Birds of America
By John James Audubon, F. R. SS. L. & E.
PARUS RUFESCENS, Towns.
PLATE CXXIX.--MALE AND FEMALE.
Mr. NUTTALL'S notice respecting the present species is as follows:--
"The Chestnut-backed Titmouse is seen throughout the year in the forests of
the Columbia, and as far south as Upper California, in all which tract it
breeds, forming, as I have some reason to believe, a pendulous, or at least an
exposed nest, like some of the European species. It is made of large quantities
of hypna and lichens, and copiously and coarsely lined with deer's hair and
large feathers, such as those of the Grouse and the Jay. They are commonly seen
in small flocks of all ages in the autumn and winter, when they move about
briskly, and emit a number of feeble querulous notes, after the manner of the
Chickadee, or common species, Parus atricapillus, but seldom utter any thing
like a song, though now and then, as they glean about, they utter a t'she, de,
de, or t'dee, t'dee, dee, their more common querulous call, however, being like
t'she, de, de, vait, t'she, de, de, vait, sometimes also a confused warbling
chatter. The busy troop, accompanied often by the common species, the Regulus
tricolor, and the small yellow-bellied Parus, are seen flitting through bushes
and thickets, carefully gleaning insects and larvae for an instant, and are then
off to some other place around, proceeding with restless activity to gratify the
calls of hunger and the stimulus of caprice. Thus they are seen to rove along
for miles together, until satisfied or fatigued, when they retire to rest in the
recesses of the darkest forests, situations which they eventually choose for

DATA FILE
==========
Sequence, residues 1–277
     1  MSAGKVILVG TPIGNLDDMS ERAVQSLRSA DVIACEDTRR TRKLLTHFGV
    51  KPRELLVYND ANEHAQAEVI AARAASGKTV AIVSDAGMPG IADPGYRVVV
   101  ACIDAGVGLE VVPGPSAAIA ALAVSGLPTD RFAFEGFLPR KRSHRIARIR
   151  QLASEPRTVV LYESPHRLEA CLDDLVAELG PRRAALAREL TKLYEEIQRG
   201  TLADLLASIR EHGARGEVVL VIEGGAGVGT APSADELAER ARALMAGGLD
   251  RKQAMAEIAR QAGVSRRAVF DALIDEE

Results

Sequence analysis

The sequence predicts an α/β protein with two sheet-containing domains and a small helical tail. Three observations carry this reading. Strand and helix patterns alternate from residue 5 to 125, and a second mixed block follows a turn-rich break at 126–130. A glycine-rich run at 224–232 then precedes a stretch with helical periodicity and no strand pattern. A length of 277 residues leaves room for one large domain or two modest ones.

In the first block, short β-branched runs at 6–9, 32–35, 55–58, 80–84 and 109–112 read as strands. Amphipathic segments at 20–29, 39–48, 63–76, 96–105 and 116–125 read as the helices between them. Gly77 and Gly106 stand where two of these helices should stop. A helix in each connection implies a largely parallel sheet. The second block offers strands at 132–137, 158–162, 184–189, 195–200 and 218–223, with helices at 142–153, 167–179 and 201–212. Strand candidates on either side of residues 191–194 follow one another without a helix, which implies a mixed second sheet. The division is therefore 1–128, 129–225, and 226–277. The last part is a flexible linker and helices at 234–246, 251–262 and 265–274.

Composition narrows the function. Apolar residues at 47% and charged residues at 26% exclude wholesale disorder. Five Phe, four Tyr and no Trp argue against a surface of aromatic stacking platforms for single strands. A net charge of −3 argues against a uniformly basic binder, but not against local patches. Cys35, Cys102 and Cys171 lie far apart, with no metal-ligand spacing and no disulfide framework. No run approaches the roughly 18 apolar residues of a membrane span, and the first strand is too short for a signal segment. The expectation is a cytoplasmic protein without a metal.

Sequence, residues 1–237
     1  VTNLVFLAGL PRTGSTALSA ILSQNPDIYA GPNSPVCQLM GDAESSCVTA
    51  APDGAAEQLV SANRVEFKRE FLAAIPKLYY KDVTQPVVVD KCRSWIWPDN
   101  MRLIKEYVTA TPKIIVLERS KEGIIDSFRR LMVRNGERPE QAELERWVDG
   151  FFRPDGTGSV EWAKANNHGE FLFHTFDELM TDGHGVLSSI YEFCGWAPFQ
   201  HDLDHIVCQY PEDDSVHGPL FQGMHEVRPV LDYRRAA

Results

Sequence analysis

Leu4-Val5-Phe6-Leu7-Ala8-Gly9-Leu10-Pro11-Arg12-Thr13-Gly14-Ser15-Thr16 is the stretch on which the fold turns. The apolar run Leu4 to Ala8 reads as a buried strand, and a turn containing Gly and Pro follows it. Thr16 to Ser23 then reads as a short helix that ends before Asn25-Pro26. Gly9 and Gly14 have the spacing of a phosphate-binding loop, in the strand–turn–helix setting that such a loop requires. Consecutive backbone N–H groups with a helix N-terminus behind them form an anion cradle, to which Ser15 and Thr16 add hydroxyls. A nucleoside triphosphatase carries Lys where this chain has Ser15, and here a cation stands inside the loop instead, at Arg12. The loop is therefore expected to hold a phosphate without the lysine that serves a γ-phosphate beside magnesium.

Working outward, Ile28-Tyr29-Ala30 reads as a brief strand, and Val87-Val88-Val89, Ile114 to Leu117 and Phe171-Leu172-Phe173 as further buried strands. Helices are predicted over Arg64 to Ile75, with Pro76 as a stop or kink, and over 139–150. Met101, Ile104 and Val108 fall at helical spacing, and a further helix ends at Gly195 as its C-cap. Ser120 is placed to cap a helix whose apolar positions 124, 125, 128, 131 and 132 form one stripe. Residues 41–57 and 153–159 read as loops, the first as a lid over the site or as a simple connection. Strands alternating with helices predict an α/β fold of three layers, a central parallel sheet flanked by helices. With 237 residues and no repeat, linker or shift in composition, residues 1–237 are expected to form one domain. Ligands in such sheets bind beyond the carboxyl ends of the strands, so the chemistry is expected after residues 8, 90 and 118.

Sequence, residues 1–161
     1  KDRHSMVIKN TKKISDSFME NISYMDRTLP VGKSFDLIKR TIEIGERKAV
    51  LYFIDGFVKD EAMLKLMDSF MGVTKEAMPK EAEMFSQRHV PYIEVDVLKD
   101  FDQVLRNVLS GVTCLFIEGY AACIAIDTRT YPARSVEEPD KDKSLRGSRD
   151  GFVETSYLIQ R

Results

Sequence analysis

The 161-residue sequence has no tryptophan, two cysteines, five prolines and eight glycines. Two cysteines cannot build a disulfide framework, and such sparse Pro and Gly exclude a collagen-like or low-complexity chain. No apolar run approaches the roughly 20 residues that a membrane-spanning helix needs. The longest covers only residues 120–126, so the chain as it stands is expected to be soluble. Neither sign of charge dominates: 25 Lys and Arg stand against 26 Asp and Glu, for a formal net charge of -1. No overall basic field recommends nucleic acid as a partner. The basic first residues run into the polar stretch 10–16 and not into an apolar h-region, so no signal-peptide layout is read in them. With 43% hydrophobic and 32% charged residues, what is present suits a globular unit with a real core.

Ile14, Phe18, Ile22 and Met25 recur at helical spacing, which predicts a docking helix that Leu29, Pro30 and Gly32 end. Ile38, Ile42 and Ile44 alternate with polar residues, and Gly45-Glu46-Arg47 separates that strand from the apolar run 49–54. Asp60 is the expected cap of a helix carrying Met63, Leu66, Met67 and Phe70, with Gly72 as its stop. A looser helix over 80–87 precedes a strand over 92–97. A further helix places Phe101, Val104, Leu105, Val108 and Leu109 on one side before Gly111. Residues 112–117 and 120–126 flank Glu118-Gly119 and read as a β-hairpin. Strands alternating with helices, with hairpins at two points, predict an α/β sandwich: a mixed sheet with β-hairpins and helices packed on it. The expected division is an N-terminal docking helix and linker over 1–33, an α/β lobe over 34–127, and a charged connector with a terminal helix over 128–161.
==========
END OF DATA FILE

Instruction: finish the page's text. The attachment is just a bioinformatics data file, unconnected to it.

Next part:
their temporary domicile, where in solitude and retirement they rear their
young, and for the whole of the succeeding autumn and winter remain probably
together in families. When the gun thins their ranks, it is surprising to see
the courage, anxiety, and solicitude of these little creatures: they follow you
with their wailing scold, and entreat for their companions in a manner that
impresses you with a favourable idea of their social feelings and sympathy."
Mr. TOWNSEND says, that "the Chinook Indians call this species a kul. It
inhabits the forests of the Columbia river, where it breeds and goes in flocks
in the autumn, more or less gregarious through the season. The legs and feet
are light blue."
PARUS RUFESCENS, CHESTNUT-BACKED TITMOUSE, Towns. Journ. Acad. Nat. Sc.
Philadelphia, vol. vii. p. 190.
CHESTNUT-BACKED TITMOUSE, Parus rufescens, Aud. Orn. Biog., vol. iv.p. 371.
Bill very short, straight, strong, compressed, rather acute; both mandibles
with the dorsal line slightly convex, the sides sloping and convex, the edges
sharp, the tip of the upper scarcely longer. Nostrils basal, roundish,
concealed by the recumbent feathers. Head large, ovate; neck short; body rather
robust. Feet of ordinary length, robust; tarsus compressed, with seven anterior
scutella, and two lateral plates meeting behind so as to form a thin edge; toes
large, the three anterior united as far as the second joint, the hind one much
stronger, and with its claw as long as the third. Claws large, arched, much
Plumage blended, tufty, unglossed. Wings of moderate length, the fourth
and fifth quills equal and longest, the sixth scarcely shorter, the third and
seventh equal, the second and eighth equal, the first very short, being only
half the length of the second. Tail long, slender, arched, very slightly
emarginate, or with its tip divaricate, of twelve rather narrow feathers.
Bill brownish-black, with the edges and tip paler. Feet greyish-blue;
claws paler. Head and neck, and fore part of the sides, dark brown, with a
broad longitudinal band of white on each side, from the bill under the eye,
curving up on the shoulder, and almost meeting on the back; which, including the
rump, is bright chestnut, as are the sides under the wings; the middle of the
breast and abdomen greyish-white, the lower tail-coverts tinged with chestnut.
Wings and tail brownish-grey, the smaller coverts tinged with chestnut, the
secondary coverts margined and tipped with greyish-white, of which colour also
are the outer edges of the quills, except the first; tail-feathers faintly
margined with bluish-grey.
Length to end of tail 4 1/2 inches; wing from flexure 2 3/8; tail 1 11/12;
bill along the ridge (4 1/2)/12; tarsus (7 1/2)/12; hind toe (3 1/4)/12, its
claw 4/12; middle toe (4 1/2)/12, its claw (2 3/4)/12.
The Female is similar to the male.